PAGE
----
Lenovo ThinkPad T61 review
When Lenovo took over IBM’s PC and laptop business in 2004 (web ID: 66772), the results were anxiously awaited by fans of the legendary ThinkPad range. What would happen once control passed from the Americans to the Chinese? Any hunt for cost-cutting measures could well have put pay to years of flag-waving quality.
But the transition is now complete – the T61 is the first ThinkPad in PC Pro not to feature the IBM logo at all – and we’re relieved to say that the ThinkPad range is none the worse for it. When IBM sold off its PC and laptop business, the price evidently included a few design secrets; the matte-black styling hasn’t changed for years and Lenovo has wisely left the keyboard unchanged. Large, well-spaced keys with a good amount of travel make touch-typing almost a thrill, all in a chassis that feels capable of withstanding almost anything.
However, in a world of waif-like Sony notebooks, the T61 is a little lumbering: 2.3kg and an LCD bezel measuring 20mm at the top are hardly seductive vital statistics. But it does feel like it will cover thousands of miles in planes and trains and start flawlessly every time. Every join and panel is solidly in place, and the metal screen hinges feel particularly robust – no wonder Lenovo (and previously IBM) has won our Notebook Reliability & Service Award for eight out of the past nine years.
The ThinkVantage suite of disaster-recovery and system-health tools also offers a vast array of troubleshooting tools. Press the blue ThinkVantage button while the system is POSTing and you’ll be taken to a feature-packed GUI, offering everything from individual file to entire hard-disk recovery. The image-based incremental backup system allows you to set the maximum number of increments before an entirely new file is generated, as well as offering the option to set up an automatic backup schedule.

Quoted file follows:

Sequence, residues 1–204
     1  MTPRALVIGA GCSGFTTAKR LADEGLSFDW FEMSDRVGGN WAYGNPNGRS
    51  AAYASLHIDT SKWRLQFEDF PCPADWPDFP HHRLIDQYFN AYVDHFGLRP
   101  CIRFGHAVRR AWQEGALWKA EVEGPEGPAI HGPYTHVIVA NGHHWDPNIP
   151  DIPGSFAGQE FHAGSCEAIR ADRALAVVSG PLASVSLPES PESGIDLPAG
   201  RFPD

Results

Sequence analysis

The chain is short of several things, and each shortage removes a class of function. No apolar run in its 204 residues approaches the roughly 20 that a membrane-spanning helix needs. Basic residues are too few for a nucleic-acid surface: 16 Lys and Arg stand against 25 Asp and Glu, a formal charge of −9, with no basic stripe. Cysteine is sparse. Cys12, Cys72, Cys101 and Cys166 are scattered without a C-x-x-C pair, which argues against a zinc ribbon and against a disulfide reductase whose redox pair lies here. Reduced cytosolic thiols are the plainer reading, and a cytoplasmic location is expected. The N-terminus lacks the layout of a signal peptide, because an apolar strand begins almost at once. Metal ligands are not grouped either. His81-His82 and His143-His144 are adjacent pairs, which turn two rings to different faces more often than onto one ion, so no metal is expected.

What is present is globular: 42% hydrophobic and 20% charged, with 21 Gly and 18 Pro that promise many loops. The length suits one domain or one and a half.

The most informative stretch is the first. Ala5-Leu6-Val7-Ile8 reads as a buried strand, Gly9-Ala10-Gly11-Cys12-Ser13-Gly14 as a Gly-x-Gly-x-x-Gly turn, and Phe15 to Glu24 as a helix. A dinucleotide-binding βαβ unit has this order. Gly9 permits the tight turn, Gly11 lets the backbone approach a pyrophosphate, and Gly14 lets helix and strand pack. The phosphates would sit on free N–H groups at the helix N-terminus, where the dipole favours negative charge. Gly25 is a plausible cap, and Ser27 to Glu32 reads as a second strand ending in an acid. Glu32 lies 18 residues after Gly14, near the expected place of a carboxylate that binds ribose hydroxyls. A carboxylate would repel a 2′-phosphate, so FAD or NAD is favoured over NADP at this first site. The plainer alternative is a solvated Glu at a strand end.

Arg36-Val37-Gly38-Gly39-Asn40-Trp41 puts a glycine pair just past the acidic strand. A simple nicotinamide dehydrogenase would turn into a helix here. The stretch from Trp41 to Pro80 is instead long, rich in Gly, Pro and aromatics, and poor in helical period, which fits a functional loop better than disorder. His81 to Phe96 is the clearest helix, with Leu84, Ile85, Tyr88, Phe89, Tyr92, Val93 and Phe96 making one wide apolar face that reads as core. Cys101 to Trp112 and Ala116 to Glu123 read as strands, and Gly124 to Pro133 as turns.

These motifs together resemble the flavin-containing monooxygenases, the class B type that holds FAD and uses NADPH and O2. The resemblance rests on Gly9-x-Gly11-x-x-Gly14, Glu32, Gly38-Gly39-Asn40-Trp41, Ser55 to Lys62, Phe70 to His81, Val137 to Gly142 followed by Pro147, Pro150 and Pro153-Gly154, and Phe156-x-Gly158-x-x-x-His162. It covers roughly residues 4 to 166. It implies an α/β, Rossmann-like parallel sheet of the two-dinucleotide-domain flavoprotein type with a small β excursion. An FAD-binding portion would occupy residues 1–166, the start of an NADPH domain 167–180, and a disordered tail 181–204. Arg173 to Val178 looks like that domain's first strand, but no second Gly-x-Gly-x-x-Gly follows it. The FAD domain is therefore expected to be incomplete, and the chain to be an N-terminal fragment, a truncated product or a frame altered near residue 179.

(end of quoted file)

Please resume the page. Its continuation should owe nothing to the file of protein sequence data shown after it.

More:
There’s an equally helpful array of software ready once Windows starts. Press most function keys and a helpful dialog box springs up – press <Fn-F7>, for instance, and rather than simply punting the T61’s screen output to the D-SUB port, you get a box offering a range of resolutions so you can quickly connect a projector. Plus, if your projector has a resolution other than 800 x 600 or 1,024 x 768, you can set up a custom resolution. And while pressing <Fn-F5> on a lesser laptop might simply shut down the wireless card, the T61 gives the option to shut down just the Bluetooth adapter or only the Wi-Fi card, or both at the same time.
Security is another highlight. The fingerprint reader is useful, as is the TPM 1.2 chip inside the T61. Again, ThinkVantage plays a part: visit a website that requires a username and password and you can set the T61 to prompt for a fingerprint swipe or password for future use. ThinkVantage will even physically protect your system with the Active Protection System, using sensors to detect exactly how your system is positioned, and stops the hard disk if it thinks a disaster is imminent. It’s a highly sensitive system, but it also adapts – for instance, if the T61 experiences frequent small shocks, it will decide it’s in a car or train and not constantly kick in.
There’s a bewildering array of ThinkPad T61 models on sale, and Lenovo chose to send us the NC11DUK model – this specifies the screen size, processor, memory allocation, hard disk size, optical drive and operating system as shown here. There are much more affordable mixes (we found the NC111UK, which has 1GB of RAM, a 1.8GHz CPU and a 1,280 x 800 screen for just £695 exc VAT), but our model showed its speed credentials in our benchmarks: a score of 1.01 is very strong. Battery life should be around 4hrs under light use whichever model you choose. Also note hard disk capacity: the 80GB disk in the NC11DUK offered just 68GB of space once the ThinkPad had grabbed a handful of space for the recovery partition.